Student Seminar in Statistics:
Adversarial and Robust Machine Learning
Spring semester 2019
General information
Lecturer  Peter Bühlmann 

Assistants  Marco Eigenmann, Yulia Kulagina 
Lectures  Mon 1517 HG E 33.1 >> 
Course catalogue data  VVZ 
Course content
AbstractAs statistical and machine learning models are increasingly employed in many realworld applications it becomes more important to understand the vulnerabilities and robustness properties of these models. In the first part of this seminar, we will study papers relating to adversarial examples. In the second part of the course, we will review other types of distribution shifts.
ObjectiveAfter this seminar, you should know:
As statistical and machine learning models are increasingly employed in many realworld applications it becomes more important to understand the vulnerabilities and robustness properties of these models. In the first part of this seminar, we will study papers relating to adversarial examples, covering their properties, various attacks and defenses. In the second part of the course, we will review other types of distribution shifts, posing significant challenges for stateoftheart machine learning models. Some parts of the seminar will be devoted to implementing these methods in python.
PrerequisitesWe require at least one course in statistics or machine learning and basic knowledge in computer programming. Some background knowledge in deep learning is helpful but not strictly required. Topics will be assigned during the first meeting.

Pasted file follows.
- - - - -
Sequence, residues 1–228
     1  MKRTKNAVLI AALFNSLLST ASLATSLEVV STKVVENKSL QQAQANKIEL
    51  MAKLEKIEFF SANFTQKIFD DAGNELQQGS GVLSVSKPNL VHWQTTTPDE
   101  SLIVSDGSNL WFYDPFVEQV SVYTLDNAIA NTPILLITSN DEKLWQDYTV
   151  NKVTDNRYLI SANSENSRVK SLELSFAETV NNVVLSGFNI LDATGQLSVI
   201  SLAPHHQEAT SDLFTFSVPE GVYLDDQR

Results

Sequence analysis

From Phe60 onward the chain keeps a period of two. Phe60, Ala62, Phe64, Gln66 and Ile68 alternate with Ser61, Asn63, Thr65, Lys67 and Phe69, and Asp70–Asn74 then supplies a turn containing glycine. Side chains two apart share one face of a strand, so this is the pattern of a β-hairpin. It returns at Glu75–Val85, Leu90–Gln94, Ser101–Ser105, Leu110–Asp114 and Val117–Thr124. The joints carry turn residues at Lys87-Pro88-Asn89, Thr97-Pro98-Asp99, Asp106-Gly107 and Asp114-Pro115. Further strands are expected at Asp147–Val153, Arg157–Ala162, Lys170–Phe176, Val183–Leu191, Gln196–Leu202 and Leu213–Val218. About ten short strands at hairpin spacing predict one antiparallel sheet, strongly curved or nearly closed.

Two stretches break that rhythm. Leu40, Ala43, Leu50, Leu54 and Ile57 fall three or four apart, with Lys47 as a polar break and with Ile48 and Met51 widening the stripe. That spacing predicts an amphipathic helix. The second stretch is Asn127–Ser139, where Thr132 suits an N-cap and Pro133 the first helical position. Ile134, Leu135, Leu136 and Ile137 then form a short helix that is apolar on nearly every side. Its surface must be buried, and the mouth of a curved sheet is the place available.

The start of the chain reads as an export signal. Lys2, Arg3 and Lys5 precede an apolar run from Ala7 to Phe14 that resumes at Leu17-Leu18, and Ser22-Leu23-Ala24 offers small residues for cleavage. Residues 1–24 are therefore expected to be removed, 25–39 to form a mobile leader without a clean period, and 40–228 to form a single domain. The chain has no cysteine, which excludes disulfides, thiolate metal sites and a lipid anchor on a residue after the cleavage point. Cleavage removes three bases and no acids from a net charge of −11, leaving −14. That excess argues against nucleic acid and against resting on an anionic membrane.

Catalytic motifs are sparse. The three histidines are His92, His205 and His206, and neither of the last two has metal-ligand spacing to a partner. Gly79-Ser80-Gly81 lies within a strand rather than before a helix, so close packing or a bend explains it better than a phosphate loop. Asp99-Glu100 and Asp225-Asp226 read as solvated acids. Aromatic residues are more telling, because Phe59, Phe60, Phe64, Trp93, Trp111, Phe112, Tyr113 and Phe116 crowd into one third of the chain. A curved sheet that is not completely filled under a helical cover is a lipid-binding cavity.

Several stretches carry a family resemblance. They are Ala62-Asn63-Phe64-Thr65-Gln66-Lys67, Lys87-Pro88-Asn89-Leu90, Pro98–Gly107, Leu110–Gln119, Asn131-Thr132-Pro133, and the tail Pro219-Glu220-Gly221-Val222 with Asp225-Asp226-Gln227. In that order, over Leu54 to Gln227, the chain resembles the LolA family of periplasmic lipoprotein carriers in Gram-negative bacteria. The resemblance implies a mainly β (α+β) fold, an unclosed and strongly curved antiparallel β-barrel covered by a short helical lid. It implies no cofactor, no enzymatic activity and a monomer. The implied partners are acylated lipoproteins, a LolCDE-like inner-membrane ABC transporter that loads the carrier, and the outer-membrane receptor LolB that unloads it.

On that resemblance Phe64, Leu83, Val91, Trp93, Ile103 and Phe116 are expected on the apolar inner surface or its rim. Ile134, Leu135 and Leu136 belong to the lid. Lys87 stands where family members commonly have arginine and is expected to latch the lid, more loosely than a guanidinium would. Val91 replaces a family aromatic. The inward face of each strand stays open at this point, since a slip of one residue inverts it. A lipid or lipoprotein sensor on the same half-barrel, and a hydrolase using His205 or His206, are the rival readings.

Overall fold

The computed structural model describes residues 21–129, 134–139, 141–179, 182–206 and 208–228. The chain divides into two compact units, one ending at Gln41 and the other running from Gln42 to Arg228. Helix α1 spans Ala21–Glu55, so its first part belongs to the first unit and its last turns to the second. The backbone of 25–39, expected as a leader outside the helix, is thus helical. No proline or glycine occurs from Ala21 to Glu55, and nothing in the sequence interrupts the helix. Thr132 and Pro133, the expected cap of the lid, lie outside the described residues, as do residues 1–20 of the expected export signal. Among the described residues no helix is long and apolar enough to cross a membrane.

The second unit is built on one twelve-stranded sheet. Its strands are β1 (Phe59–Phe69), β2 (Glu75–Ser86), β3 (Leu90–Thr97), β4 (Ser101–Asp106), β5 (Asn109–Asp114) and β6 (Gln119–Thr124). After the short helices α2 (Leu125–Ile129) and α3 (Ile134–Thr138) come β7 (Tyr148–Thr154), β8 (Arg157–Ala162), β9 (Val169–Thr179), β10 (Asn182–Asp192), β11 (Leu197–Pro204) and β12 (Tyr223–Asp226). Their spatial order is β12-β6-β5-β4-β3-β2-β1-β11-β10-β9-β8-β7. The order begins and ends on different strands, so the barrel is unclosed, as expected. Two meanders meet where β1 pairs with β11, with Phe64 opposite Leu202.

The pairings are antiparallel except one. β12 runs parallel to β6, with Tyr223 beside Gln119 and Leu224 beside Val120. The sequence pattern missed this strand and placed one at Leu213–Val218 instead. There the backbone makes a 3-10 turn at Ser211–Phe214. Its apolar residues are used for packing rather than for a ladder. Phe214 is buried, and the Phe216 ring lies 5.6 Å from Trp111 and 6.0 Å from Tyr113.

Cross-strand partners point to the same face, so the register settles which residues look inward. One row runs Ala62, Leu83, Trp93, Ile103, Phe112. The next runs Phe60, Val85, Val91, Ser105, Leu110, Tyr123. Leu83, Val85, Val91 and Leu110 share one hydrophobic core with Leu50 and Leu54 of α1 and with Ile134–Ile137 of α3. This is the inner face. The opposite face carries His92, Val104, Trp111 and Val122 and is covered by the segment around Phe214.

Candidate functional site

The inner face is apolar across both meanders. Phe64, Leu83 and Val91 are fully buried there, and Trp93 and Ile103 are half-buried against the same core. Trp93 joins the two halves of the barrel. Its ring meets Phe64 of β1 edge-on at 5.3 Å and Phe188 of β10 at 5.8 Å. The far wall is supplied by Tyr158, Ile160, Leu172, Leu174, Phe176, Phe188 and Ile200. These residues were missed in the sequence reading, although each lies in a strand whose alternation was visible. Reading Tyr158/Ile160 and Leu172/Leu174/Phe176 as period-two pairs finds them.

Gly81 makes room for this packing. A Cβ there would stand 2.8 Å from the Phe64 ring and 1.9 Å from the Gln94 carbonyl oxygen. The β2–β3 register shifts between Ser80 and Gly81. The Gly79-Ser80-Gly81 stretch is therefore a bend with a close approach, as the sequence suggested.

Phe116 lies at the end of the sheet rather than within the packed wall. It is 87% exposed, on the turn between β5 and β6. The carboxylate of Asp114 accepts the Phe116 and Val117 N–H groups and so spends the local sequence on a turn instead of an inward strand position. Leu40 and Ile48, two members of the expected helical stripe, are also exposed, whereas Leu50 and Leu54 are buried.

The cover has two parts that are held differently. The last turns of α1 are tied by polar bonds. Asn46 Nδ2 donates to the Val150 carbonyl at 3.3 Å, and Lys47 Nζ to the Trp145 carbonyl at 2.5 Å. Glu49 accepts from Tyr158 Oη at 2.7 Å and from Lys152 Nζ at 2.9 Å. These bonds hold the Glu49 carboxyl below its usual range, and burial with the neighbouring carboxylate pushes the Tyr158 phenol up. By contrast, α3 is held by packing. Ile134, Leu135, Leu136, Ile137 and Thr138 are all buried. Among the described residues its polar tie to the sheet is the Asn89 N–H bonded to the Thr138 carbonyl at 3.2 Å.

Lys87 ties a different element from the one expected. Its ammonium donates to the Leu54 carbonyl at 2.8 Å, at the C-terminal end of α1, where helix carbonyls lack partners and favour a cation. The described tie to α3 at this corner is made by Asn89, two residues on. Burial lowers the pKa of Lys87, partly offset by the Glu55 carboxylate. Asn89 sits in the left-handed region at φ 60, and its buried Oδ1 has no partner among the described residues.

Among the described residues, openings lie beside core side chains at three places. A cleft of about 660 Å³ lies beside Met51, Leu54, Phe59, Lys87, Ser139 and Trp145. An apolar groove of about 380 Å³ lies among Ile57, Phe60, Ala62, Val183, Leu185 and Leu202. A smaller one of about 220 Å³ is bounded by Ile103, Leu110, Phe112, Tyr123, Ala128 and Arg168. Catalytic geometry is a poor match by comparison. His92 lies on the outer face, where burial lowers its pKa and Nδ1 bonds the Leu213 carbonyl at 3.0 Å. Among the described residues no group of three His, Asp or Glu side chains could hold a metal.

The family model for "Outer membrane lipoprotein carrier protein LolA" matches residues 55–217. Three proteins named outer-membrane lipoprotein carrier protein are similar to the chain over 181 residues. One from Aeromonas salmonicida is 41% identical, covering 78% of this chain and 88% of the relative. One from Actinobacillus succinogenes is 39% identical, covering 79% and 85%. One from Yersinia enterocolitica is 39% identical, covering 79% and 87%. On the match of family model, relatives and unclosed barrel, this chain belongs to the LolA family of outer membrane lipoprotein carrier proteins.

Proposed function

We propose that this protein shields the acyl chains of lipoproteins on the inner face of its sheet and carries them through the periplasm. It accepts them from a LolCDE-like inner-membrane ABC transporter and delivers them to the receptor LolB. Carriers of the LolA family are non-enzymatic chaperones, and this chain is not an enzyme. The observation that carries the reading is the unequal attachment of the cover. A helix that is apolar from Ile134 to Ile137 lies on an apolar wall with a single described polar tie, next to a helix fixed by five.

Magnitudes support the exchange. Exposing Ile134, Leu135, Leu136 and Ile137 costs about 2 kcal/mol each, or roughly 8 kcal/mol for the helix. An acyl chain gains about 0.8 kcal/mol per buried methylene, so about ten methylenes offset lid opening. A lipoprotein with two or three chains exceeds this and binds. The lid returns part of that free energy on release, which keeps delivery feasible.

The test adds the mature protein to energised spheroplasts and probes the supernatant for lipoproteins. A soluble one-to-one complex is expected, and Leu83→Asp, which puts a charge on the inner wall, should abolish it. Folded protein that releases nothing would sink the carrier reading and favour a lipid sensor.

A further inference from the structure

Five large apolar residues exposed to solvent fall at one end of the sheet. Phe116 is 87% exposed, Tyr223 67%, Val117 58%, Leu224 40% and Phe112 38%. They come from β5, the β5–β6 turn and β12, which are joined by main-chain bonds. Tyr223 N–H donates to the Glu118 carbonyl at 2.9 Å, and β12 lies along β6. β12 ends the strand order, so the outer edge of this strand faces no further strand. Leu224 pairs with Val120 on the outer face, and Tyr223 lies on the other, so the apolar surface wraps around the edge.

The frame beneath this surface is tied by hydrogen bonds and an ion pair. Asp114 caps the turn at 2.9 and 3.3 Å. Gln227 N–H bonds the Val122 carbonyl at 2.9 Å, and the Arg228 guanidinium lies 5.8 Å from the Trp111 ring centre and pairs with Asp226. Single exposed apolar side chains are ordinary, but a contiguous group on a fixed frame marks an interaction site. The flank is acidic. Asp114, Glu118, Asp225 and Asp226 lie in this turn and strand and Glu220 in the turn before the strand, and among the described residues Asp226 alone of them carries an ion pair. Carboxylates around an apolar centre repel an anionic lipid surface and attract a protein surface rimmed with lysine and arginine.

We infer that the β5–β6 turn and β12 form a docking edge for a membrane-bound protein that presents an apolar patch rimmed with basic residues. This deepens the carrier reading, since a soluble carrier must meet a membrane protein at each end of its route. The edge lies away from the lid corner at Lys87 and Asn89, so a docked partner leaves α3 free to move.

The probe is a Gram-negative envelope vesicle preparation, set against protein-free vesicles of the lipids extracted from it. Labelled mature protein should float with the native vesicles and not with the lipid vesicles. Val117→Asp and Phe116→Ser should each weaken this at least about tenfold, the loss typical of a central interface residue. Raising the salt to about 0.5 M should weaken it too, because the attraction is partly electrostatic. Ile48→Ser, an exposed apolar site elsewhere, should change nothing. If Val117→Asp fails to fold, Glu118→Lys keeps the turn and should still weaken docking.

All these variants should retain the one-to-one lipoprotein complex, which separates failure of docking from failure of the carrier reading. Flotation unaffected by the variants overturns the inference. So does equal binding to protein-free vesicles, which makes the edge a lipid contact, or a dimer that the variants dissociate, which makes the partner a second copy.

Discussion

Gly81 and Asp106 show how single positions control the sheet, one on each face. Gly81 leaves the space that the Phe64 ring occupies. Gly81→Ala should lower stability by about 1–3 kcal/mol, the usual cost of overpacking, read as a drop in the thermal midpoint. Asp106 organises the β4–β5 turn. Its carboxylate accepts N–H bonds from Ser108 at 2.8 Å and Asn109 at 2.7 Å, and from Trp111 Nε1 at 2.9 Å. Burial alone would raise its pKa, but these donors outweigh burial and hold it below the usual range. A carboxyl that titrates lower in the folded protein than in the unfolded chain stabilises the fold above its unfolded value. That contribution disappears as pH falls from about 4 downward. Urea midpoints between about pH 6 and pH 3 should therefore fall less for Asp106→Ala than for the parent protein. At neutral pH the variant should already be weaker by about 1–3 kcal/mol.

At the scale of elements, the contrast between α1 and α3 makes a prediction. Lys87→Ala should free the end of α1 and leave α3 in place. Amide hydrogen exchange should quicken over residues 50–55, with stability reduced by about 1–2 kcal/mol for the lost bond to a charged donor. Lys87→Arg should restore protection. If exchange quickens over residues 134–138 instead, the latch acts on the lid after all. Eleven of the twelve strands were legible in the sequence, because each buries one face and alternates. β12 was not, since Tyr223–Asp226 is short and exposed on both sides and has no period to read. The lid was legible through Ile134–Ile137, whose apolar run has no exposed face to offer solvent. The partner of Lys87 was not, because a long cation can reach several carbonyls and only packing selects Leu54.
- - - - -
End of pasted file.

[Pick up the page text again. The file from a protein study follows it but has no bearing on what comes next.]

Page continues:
Literature
The content of the seminar will be based on a mix of a textbook and papers.
The textbook:
Deep Learning by Ian Goodfellow, Yoshua Bengio and Aaron Courville , MIT Press, 2016
The papers are listed on the Course materials and schedule page.
Announcements
28.01.2019
Welcome to the website of the course "Student Seminar in Statistics: Adversarial and Robust Machine Learning"!
The first class will take place on Monday, February 18th 2019.
We are looking forward to seeing you!
Course materials and schedule
Week  Topic  Outline  Slides/Rcode 

Week 1 (18/02/2019)  Deep Feedforward Networks (Textbook, Chapter 6)



Week 2 (25/02/2019)  Regularization for Deep Learning (Textbook, Chapter 7)



Week 3 (04/03/2019)  Optimization for Training Deep Models (Textbook, Chapter 8)



Week 4 (11/03/2019)  Convolutional Networks (Textbook, Chapter 9)



Week 5 (18/03/2019)  Tutorial: Adversarial Robustness  Theory and Practice (Chapter 1: Introduction to Adversarial Robustness & Chapter 2: Linear Models)



Week 6 (25/03/2019)  Tutorial: Adversarial Robustness  Theory and Practice (Chapter 3: Adversarial Examples, Solving the Inner Maximization & Chapter 4: Adversarial Training, Solving the Outer Minimization)



Week 7 (01/04/2019)  Recommended papers: Evasion Attacks against Machine Learning at Test Time Intriguing properties of neural networks Explaining and Harnessing Adversarial Examples



Week 8 (15/04/2019)  Attacks Recommended papers: The Limitations of Deep Learning in Adversarial Settings DeepFool: a simple and accurate method to fool deep neural networks Towards Evaluating the Robustness of Neural Networks



Week 9 (29/04/2019)  Transferability Recommended papers: Transferability in Machine Learning: from Phenomena to BlackBox Attacks using Adversarial Samples Delving into Transferable Adversarial Examples and Blackbox Attacks Universal adversarial perturbations



Week 10 (06/05/2019)  Detecting Adversarial Examples Recommended papers: On Detecting Adversarial Perturbations Detecting Adversarial Samples from Artifacts Adversarial Examples Are Not Easily Detected: Bypassing Ten Detection Methods